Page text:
Lusia Strus

While the ambiguity of Alexa's gender as well as their sexual orientation are unfortunately played for punchlines through much of "50 First Dates," it still represented a gender-fluid character in a mainstream movie way back in 2004. Baby steps, right? At least Alexa is still a genuinely interesting and funny character who gets a lot of good moments and funny jokes that aren't strictly at their expense. 

Alexa is played by actor Lusia Strus, who was born and raised in Chicago and got her start in the city's live theater scene while also playing small roles on television. Although she had appeared in a few movies beforehand, "50 First Dates" was definitely her first major big screen role. Since then, she has continued to appear somewhat sporadically in film and on television while also continuing to perform on stage. In 2020, she voiced an uncredited role in Pixar's "Soul" and also appeared in several episodes of the TBS-turned-HBO-Max series, "Search Party" (per IMDb).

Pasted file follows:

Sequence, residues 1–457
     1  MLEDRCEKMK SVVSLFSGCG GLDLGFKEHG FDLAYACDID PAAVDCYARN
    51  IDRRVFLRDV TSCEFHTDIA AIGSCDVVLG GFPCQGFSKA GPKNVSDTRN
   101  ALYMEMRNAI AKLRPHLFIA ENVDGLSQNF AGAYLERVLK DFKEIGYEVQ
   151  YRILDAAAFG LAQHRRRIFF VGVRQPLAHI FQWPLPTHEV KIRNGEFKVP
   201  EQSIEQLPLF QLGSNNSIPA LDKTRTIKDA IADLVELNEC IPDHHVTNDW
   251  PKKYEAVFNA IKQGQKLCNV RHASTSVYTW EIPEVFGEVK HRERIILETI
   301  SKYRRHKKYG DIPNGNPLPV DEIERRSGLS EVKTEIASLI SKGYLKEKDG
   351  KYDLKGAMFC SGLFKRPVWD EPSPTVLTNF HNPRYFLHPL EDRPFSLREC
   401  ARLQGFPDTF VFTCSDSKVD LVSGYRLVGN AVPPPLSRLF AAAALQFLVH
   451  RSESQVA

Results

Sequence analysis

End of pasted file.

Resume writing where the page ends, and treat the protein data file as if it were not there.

Dan Aykroyd

The doctor that has the unfortunate duty to confirm to Henry that Lucy will likely never be able to remember him naturally is Dr. Joseph Keats. He explains Lucy's condition, introduces the gang to Ten-Second Tom, tells Doug that he needs to lay off the steroids, and makes a joke about the size of walrus genitalia. He's got quite the sense of humor for a doctor that specializes in serious brain disorders, but that's what you get when you cast Dan Aykroyd.

Surprisingly, it was Aykroyd's first appearance in a Sandler movie, but it would not be his last: he showed up in "I Now Pronounce You Chuck and Larry" three years later. As far as what else Aykroyd has been up to, he's the kind of actor that doesn't exactly need a refresher on his career. However, it is worth noting that he revived the role of Ray Stantz in 2021's "Ghostbusters: Afterlife," alongside his fellow original Ghostbusters Bill Murray, Ernie Hudson, and a CG version of the late Harold Ramis.